Perhaps the people who manage and work in those organizations, and their counterparts in broadcast and print media, have guilty consciences.  Whatever the reason, they have gone out of their way to make it known that they despise the man, and to lay bare the (very obvious) reasons why.  Even if Trump were a more competent politician, he would have a hard time getting past that.

Fox News and other rightwing and alt-right media outlets still try to make excuses for him.  Had they been less successful in misinforming and dumbing down their target audiences, they would not now be convincing anybody.  As it is, their influence is on the wane.  Trump has seen to that; despite himself, he keeps subverting their efforts.

It could be argued that the Trump phenomenon shows that “it can happen here.”   Perhaps so – but not now, and not under Trump’s aegis.

This is hardly news, but we can still feel relieved that the fears of those who thought it would come to pass never materialized.

On the other hand, there were other pre-election expectations that also never materialized – most unfortunately.

There was, above all, the hope that Trump would turn back the reckless, Clinton-inspired campaign to turn former Soviet republics into biddable allies of the West, and to knock Russia back down to a level where it could no longer challenge American world domination.

There was never any reason to think that Trump would do the right thing for reasons of justice or common decency.  But it did seem that a man with so many properties to protect might be more reasonable than Clinton or the average Clintonized Democrat – more risk averse and therefore less inclined to act in provocative ways that could lead to nuclear war.

There was also the expectation that Trump’s administration would get the United States out of the regime-change business.  Regime change was what Clinton, and her gaggle of “humanitarian” and neocon advisors, were all about.

Their conception of America’s role in the world led to mayhem and instability in and around the greater Middle East, to the indefinite prolongation of the Iraq and Afghanistan wars, to the destruction of the Libyan and Syrian states, to a massive refugee crisis that has engulfed the region and spilled over into Europe, to a coup d’état in Honduras and to similar mischief elsewhere in Latin America, and, of course, to efforts to destabilize territories within and around Russia itself.

Trump may know next to nothing about world politics.  But if he could nevertheless get the United States to change course on regime change, then hurray for him.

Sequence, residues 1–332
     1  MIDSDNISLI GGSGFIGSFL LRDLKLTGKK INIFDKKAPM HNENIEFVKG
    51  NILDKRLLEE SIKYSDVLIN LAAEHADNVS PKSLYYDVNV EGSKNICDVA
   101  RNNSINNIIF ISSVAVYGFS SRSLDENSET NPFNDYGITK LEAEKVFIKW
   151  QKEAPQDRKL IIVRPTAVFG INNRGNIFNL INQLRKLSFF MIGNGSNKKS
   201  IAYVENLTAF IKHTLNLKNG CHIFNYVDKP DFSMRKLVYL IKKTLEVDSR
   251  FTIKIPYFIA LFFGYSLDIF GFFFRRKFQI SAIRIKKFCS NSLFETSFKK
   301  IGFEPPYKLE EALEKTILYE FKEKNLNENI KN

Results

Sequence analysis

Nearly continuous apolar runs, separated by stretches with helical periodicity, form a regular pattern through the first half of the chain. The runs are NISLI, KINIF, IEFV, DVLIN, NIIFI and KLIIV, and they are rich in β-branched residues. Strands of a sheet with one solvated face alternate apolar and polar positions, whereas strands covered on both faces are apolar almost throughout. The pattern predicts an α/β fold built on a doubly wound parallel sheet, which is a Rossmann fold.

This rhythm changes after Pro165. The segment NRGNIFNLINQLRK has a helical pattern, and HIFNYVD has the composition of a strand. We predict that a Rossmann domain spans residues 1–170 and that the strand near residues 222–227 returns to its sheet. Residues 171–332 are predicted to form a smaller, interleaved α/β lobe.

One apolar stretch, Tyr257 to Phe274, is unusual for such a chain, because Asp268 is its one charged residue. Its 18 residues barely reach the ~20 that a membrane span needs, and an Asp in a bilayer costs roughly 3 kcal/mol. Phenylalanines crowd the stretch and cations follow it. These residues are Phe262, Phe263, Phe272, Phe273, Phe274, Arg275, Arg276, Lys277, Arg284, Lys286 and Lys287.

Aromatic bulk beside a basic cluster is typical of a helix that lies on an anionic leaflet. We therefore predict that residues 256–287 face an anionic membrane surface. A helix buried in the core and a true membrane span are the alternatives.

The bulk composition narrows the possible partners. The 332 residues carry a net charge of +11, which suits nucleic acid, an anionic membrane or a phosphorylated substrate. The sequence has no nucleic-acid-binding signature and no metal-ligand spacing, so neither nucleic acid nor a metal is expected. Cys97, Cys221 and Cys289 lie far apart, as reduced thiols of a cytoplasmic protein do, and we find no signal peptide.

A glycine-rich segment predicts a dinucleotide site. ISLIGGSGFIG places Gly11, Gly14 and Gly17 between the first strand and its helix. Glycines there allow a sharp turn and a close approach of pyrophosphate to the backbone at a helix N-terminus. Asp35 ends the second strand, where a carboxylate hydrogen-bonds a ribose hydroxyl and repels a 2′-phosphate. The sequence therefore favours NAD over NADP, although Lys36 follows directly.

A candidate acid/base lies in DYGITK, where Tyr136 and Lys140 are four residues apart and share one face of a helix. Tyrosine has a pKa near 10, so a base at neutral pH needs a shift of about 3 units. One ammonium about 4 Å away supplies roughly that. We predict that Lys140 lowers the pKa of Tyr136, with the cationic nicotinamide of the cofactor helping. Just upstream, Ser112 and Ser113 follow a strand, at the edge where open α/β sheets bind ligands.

It was possible before he took office to think that maybe, just maybe, his presidency might have that effect.  But now that he has been in office for what seems like an eternity, no sane person can think that still.

Trump has continued all the bad stuff that Clinton and Obama inherited or started, while, more or less on his own initiative, encouraging the most odious regime in the world, Saudi Arabia, to wreak havoc in Yemen and around the world.


Nevertheless, when Trump is right, he’s right – even if his reasons are vile.

Needless to say, when he tries to save his ass by blaming media purveyors of “fake news” for his troubles, he is only blowing air.  He can hardly help it; that is what he does.

Nevertheless, there is a kernel of truth at the core of his self-serving blather.   The recklessly dangerous, anti-Putin and anti-Russia campaign that Clinton and her people launched last summer, and which Democrats subsequently took up with a vengeance, is indeed a partisan concoction.

That Republicans are now on board too – most of them grudgingly, a few, like John McCain and therefore Lindsey Graham, enthusiastically – does not belie this fact.  The bastards were backed into a corner.

The Democrats’ Russia story is as phony as Trump’s populism.  And, in this case too, the people who are snookered are not entirely at fault.

They ought to know better, but how could they if they depend on CNN and MSNBC and similarly minded corporate news and opinion outlets, and on The New York Times and Washington Post?

Blaming the Russians is as American as senseless gun violence, private health insurance and apple pie.  It is therefore easy to propagandize against.  Small wonder that this is one of the very few things Hillary set out to do that she has actually done well.

Indeed, her media friends have done so well that someone eager to find out what is actually going on might just as well turn to Fox News, the gold standard for dumbing down and misinforming the public.

And so, insofar as he actually had a plan, his efforts to “reset” relations with Russia – to do what Obama and even George W. Bush tried to do, not entirely without success – have come to naught.

The Donald is stymied – on this, as on much else.  When he complains that this is the case, it is not just because he is whacky.  It is also because he is right.